LOGIN TO YOUR ACCOUNT

Username
Password
Remember Me
Or use your Academic/Social account:

CREATE AN ACCOUNT

Or use your Academic/Social account:

Congratulations!

You have just completed your registration at OpenAire.

Before you can login to the site, you will need to activate your account. An e-mail will be sent to you with the proper instructions.

Important!

Please note that this site is currently undergoing Beta testing.
Any new content you create is not guaranteed to be present to the final version of the site upon release.

Thank you for your patience,
OpenAire Dev Team.

Close This Message

CREATE AN ACCOUNT

Name:
Username:
Password:
Verify Password:
E-mail:
Verify E-mail:
*All Fields Are Required.
Please Verify You Are Human:
fbtwitterlinkedinvimeoflicker grey 14rssslideshare1
Kemp, Vicky; Balmer, Nigel (2008)
Publisher: Legal Services Research Centre
Languages: English
Types: Book
Subjects:
A survey was undertaken of over 1,000 people drawn into the criminal justice system in order to find out more about their choice and use of a solicitor: 212 suspects interviewed in police stations, 767 in magistrates’ courts and 163 female prisoners. It was found that people value having a choice of a solicitor with 9 out of 10 respondents saying this was important. Their choice of a solicitor was based mainly on a recommendation and what was important to people was having a ‘good’ solicitor, someone who is experienced, knowledgeable and knows what they are doing. It was also important to respondents to be able to communicate well with their solicitor. There was some confusion over the independence of the police station duty solicitor with a significant minority of respondents believing this was a lawyer employed directly by the police. Of those who did not have a solicitor in the police station most simply said they ‘did not need’ one while others were concerned this would cause a delay. The survey also highlighted people’s understanding of what was happening in the criminal process with those whose first language was not English being less likely to understand what was happening and also less likely to have a solicitor when compared to those whose first language was English.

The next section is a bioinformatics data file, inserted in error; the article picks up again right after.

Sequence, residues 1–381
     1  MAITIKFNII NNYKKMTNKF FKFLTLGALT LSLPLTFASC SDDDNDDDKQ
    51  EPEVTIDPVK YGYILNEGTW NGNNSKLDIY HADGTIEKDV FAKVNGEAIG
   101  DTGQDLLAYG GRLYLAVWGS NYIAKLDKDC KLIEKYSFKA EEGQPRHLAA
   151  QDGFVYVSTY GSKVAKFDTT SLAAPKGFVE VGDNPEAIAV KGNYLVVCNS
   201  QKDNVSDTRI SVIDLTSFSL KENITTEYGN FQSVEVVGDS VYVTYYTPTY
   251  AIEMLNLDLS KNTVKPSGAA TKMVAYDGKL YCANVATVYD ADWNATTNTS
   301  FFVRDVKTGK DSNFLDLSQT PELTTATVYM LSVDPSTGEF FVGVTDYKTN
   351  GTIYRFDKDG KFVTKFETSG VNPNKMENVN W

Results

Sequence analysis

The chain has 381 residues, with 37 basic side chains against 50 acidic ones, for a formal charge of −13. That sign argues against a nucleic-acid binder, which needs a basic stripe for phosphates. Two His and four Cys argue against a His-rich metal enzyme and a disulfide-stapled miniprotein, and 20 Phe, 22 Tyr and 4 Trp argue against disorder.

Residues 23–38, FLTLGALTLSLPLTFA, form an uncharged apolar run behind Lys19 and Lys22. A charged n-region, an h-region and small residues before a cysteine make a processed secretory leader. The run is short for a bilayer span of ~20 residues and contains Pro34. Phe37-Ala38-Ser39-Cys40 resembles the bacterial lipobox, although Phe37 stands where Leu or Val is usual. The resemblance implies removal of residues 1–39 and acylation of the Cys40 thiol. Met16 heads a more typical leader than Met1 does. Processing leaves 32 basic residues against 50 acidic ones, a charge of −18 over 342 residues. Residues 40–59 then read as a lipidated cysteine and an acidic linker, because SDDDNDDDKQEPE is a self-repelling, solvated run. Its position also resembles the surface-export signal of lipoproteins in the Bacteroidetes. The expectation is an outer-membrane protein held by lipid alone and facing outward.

• No references.
  • No related research data.
  • No similar publications.

Share - Bookmark

Cite this article